For Alumna, Distinct Approach to Education Is Definitely Elementary
Jill Guthrie BA’85 (left) founded The Guthrie School where she works with daughter Meredith Guthrie BS’14. Meredith is a kindergarten teacher and the director of enrichment at the school.
A few miles north of The University of Texas at Dallas, there is another school that prides itself on taking an innovative approach to education. The Guthrie School, founded in 2013 by Jill Guthrie BA’85, offers students from preschool through sixth grade a distinct learning environment, encouraging active engagement, personal expression, critical thinking and dialogue.
“Our teachers encourage students to engage and speak their minds,” Guthrie said. “They learn a higher level of analysis as opposed to just recognizing if the answer is A, B, C or D.”
The Allen, Texas, school educates students using the Harkness Method, which emphasizes dialogue among students, their teachers and peers. To facilitate discussion and maximize the attention each student receives, Guthrie keeps class sizes small and equips classrooms with custom-built oval tables that allow teachers to conduct Socratic-style lessons.
“We get the best view of the child from hearing what they have to say,” she said. “Encouraging that rapport and engagement is what we are all about.”
Along with a curriculum that boasts multiple language offerings and extracurricular activities, including a UT Dallas coding club, the school provides ample opportunity for creative expression through the arts and promotes scientific investigation in a dedicated lab. The school, which enrolls about 100 students, also helps to ensure their well-being through a healthy lunch program and regular “brain breaks” — brief recesses that include physical activities.
Guthrie attributes her educational philosophy to her research experience at UT Dallas and lessons from her grandmother.
“My grandmother was born in 1889. She only had an eighth-grade education, but she was brilliant,” she said. “I learned so many things from her verbal lessons and stories, and that has inspired my view on the value of speaking to people. It is important to engage with human beings. That is how we learn tolerance, care and understanding. You learn how to be a good person.”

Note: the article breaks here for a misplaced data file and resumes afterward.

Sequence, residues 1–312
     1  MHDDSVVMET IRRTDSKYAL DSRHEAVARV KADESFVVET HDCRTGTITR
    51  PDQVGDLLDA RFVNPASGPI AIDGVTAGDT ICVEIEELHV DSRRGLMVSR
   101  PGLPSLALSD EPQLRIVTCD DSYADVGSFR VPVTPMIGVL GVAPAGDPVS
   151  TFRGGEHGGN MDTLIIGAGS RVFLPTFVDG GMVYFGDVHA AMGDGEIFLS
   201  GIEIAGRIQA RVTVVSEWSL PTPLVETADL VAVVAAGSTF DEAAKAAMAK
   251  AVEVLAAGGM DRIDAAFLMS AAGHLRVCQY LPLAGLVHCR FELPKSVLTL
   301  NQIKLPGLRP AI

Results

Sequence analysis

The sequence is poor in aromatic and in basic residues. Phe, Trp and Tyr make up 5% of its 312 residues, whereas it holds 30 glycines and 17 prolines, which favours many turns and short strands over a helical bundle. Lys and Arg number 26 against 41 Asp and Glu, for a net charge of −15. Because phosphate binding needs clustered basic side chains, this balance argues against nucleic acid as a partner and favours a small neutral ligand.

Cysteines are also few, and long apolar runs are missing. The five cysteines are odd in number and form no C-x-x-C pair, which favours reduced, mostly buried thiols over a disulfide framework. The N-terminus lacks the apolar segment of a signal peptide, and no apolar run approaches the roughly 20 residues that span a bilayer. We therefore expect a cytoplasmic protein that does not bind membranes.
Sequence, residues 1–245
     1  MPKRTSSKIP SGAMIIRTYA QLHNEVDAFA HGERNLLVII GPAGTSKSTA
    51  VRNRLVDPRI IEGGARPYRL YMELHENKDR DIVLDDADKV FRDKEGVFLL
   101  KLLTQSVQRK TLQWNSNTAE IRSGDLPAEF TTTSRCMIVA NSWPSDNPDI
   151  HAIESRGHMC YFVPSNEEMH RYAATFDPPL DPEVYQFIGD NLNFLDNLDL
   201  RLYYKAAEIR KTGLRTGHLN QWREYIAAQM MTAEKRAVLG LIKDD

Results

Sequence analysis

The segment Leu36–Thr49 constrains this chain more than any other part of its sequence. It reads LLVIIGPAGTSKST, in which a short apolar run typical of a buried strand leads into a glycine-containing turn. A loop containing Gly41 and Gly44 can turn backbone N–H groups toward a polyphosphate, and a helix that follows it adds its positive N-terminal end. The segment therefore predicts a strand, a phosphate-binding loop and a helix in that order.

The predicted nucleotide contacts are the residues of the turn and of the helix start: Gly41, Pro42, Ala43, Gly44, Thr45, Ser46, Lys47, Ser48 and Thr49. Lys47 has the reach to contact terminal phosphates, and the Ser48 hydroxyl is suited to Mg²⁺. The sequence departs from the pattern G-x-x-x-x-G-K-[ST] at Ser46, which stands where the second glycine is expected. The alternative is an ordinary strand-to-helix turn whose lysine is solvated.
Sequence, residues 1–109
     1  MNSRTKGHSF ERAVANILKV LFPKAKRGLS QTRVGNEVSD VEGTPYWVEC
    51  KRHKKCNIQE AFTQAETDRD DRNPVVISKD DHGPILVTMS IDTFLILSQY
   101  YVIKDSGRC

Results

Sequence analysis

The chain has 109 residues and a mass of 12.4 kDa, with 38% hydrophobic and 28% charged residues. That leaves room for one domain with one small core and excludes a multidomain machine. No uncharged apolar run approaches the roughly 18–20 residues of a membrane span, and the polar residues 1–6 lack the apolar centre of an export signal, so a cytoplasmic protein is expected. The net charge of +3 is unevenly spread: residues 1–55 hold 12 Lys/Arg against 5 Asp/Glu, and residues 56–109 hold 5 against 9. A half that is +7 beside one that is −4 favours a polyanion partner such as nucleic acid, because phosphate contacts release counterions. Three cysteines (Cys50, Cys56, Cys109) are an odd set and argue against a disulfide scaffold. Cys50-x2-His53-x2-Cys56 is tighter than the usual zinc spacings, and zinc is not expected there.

“I am really proud of UTD and how it has continued to focus on educational excellence and attracting the best professors. The University is critical in addressing the needs of the broader North Texas community.”
Although Guthrie earned her degree in English literature with a minor in mathematics, she fondly remembers her time conducting psychology research with Dr. Walter Dowling, professor in the School of Behavioral and Brain Sciences (BBS), and Dr. James Bartlett, Ashbel Smith Professor and interim dean of BBS.
“The method of research I learned there was fascinating and still influences our approach at The Guthrie School,” she said. “I learned about how we learn, how the brain learns. I still am curious about this field today. We really try to use the best practices here for our students.”
Guthrie’s Comet connections run deep. She’s the mother of two alumni — Sam Guthrie BA’10 and Meredith Guthrie BS’14. Her daughter has worked at The Guthrie School since its founding and serves as a kindergarten teacher and the director of enrichment.
As a student, an alumna and a parent, Jill Guthrie has watched UT Dallas develop into the top-tier national research institution it is today. She is grateful for the University’s presence in the local community.
“I am really proud of UTD and how it has continued to focus on educational excellence and attracting the best professors,” she said. “The University is critical in addressing the needs of the broader North Texas community. UT Dallas needs to be the big school in the area. Not necessarily big in numbers, but big in impact.”
Guthrie sees synergy between the values espoused by UT Dallas and her school.
“We train students on how to be involved and empower them to speak up for what they think is right,” she said. “We are trying to teach them to be active citizens. We want them to leave here and go make a positive impact and give back to their communities.
“Teaching, to me, is home. That is what I love.”